Uniting for Freedom, Democracy & Equality

Major Unrest in Iranian Society Is Heavily Aimed at the Clerical Establishment

The mullahs are highly hatred by the Iranian people because of four decades of crime, corruption, and plundering in Iran
The mullahs are highly hatred by the Iranian people because of four decades of crime, corruption, and plundering in Iran

With the extent of the unrest in Iran, it is no surprise that Iranian social media has seen an uptrend of posts and videos about ordinary Iranians speaking out against the Iranian regime, and in some cases, showing their aggression and insulting the mullahs.

In a video, filmed in late December 2021 in the holy city of Qom, a woman was seen attacking two clerics as she ripped off their turbans and stomped on them. Of course, the video went viral across social media platforms, highlighting the ferocity of the unrest within Iran.

The absence of freedom of expression in the country due to the complete domination of conventional media by the regime has led to a rise in the number of people turning to social media to share their grievances and discover truths. Social media platforms have so far been more immune to the propaganda that the Iranian regime are desperate to spread to the outside world.

The National Council of Resistance of Iran (NCRI) said, “Even though, even these haven’t been spared by the thousands-strong cyber army. But at least, there is some sort of protection for the user, hiding behind several layers of VPNs, anonymous profiles, or fake identities. As ironic as it may seem, there might be more truth on Iranian social media, and, to some extent, it serves as a social gauge.”

The state-run Hamdeli newspaper discussed in their January 15 publication about the fact that due to the public dissatisfaction in the way that the country is being run, among other issues, are preventing many religious sciences students from continuing their education and enrolling in seminary courses.

Faculty member of the Institute of Islamic Sciences and Culture, Mohammad Alamzadeh Nouri spoke to the state-run website, Hawzah News echoing this fact. He stated that the number of new recruits to Iran’s seminaries is at an all-time low, and the number of dropouts is unprecedented.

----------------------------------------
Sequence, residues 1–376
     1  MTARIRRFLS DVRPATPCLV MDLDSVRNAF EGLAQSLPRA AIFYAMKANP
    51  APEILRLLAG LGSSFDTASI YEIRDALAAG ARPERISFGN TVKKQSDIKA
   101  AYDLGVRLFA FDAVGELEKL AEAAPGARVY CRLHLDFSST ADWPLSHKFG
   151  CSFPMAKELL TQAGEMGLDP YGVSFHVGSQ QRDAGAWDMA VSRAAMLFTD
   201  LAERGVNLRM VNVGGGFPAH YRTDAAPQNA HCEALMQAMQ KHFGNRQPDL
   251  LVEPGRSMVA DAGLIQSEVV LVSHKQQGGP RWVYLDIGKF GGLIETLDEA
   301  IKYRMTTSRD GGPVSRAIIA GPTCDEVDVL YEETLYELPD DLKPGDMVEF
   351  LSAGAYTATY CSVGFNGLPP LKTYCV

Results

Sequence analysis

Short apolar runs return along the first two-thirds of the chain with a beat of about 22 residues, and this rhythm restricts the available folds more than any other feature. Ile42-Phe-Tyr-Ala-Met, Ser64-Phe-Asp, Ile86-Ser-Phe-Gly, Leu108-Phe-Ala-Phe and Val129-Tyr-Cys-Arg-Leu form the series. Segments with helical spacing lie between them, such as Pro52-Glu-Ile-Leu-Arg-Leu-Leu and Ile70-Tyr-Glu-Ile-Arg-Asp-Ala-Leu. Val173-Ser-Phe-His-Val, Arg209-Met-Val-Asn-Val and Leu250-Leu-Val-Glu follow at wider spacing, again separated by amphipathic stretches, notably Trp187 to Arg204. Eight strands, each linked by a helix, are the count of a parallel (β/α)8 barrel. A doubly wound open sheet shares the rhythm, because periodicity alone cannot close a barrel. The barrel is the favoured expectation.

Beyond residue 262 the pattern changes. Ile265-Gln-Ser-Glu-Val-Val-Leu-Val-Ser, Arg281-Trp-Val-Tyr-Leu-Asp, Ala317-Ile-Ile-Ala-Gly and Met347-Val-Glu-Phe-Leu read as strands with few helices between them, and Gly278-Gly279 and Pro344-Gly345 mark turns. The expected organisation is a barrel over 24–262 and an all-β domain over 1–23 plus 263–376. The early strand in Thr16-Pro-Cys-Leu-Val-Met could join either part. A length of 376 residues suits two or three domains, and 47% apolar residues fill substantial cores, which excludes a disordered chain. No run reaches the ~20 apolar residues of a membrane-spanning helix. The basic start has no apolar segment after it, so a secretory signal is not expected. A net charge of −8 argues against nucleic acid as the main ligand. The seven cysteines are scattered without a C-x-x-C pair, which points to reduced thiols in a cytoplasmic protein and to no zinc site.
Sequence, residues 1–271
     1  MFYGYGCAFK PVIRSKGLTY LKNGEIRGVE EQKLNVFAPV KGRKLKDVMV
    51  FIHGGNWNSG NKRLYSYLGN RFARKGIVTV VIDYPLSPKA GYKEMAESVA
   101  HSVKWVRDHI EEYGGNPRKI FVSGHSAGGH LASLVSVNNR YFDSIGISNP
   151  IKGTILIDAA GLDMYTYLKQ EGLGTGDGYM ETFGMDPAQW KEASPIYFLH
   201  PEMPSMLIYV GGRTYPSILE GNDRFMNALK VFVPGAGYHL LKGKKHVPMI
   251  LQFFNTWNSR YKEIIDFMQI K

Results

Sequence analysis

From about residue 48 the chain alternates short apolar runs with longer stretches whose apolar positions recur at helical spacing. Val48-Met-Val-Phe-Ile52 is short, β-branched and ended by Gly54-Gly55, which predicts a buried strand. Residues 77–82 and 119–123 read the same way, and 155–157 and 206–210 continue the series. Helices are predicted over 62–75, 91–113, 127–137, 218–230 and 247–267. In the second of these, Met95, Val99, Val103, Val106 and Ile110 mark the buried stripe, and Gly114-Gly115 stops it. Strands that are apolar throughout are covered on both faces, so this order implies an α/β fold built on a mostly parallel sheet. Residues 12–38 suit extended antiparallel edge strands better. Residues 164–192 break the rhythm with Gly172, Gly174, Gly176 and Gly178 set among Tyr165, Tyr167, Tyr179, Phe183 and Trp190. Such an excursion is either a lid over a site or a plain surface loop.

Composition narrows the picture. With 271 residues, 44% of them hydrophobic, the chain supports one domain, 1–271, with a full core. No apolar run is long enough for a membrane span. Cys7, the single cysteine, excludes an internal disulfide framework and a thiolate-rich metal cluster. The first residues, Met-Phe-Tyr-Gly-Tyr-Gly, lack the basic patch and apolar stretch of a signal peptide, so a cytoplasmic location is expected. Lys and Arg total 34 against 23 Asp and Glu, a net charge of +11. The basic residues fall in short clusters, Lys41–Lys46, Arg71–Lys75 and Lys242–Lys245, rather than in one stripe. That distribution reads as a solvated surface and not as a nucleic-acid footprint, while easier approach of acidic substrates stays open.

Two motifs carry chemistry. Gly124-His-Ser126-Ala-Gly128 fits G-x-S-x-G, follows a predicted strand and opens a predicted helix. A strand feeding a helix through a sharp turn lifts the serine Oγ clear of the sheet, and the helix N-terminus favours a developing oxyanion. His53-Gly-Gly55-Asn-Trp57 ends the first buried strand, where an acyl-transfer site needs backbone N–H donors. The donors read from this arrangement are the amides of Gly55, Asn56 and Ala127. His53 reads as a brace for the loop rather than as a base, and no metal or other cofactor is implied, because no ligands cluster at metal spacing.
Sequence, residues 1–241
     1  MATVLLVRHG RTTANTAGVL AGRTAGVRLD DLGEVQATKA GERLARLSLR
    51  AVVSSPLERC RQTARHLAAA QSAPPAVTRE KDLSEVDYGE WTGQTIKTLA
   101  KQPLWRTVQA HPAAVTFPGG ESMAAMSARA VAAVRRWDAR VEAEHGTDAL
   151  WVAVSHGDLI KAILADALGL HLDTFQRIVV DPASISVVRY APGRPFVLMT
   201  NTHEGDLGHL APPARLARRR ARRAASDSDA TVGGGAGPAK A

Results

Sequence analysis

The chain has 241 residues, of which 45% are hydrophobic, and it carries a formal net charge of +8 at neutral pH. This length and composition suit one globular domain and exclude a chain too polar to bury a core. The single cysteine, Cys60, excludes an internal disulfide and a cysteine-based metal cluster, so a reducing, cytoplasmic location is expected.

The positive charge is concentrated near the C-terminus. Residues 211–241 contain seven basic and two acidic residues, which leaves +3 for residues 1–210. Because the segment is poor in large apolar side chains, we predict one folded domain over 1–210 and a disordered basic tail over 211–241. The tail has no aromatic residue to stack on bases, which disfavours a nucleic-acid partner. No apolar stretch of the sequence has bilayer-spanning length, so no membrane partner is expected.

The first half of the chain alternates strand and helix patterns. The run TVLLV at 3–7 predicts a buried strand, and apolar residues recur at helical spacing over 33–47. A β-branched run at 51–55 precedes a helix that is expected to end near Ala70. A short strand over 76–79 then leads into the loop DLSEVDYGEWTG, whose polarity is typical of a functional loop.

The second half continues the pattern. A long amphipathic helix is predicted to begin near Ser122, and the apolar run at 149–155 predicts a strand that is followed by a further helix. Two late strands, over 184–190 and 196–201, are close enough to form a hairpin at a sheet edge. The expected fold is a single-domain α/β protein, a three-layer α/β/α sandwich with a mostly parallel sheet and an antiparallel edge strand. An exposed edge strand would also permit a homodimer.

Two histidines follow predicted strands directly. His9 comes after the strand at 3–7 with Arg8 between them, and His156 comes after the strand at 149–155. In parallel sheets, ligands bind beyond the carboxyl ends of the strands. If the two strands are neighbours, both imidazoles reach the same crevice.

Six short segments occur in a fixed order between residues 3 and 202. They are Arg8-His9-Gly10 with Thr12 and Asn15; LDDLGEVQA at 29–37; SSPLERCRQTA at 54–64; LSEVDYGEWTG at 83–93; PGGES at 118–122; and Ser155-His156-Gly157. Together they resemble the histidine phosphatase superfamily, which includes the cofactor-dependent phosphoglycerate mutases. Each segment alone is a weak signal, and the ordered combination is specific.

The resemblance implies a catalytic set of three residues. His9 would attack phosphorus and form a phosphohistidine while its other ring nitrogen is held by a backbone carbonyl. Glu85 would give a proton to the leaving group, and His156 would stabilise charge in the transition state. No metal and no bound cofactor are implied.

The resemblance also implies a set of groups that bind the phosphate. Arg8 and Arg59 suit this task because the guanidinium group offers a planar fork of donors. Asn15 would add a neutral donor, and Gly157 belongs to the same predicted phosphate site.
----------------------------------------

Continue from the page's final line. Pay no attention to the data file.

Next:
On January 4, Mohammad Taghi Fazel Meybodi told the state-run media outlet Dideban that in his view, Iran’s seminaries have become ‘too politicized’, and with the growing dislike of the mullahs’ regime, seminary students are not looked upon too kindly.

He added, “The mullahs are less likely to appear in public in clerical garb. Many scholars, who want to go to the market or to their businesses, try not to go in clerical garb because people are insulting or cursing them. Today, the clergy appear less in clerical garb in public to avoid being bothered. When a cleric sits in a taxi, people start cursing him. People blame the clergy for all the problems.”

The hatred of anything remotely connected to the regime has led to academics and lower-rank officials becoming more vocal in warning the mullahs about the sources of such hatred.

Taghi Azad Armaki, a state-affiliated sociologist at the University of Tehran stated, “Compared to the last six months, the people of Tehran have suffered more psychologically. The political system has no will to solve social illnesses.”

Speaking to the Eghtesad News on January 18, former presidential candidate Mostafa Hashemitaba warned the regime that by ‘ignoring the social discontent in society’ will have ‘extremely dangerous side effects’ as people are in despair, stuck under the mounting levels of poverty in the country unable to see a bright future for themselves or their families.

On January 20, in a meeting with Akbar Kamijani, the regime’s central bank chief, Javadi Amoli, a regime-affiliated cleric in the Qom seminary warned, “Poverty is breaking the spine of the people and these folks, they will not listen to the government. Sometimes, economic problems can even bring down a big government.”